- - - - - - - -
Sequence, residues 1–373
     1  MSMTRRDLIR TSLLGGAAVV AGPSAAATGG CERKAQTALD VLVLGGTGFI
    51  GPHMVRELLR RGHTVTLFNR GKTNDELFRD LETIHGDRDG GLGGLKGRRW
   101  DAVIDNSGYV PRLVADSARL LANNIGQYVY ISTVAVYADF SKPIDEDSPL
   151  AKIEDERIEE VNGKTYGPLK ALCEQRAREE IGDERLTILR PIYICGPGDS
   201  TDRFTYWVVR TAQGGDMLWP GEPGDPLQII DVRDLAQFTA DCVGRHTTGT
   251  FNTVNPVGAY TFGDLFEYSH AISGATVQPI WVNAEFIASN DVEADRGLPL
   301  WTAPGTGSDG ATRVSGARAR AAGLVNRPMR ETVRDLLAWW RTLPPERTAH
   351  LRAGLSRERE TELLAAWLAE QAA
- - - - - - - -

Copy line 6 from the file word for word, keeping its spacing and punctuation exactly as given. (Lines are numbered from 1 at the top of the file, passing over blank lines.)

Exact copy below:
   201  TDRFTYWVVR TAQGGDMLWP GEPGDPLQII DVRDLAQFTA DCVGRHTTGT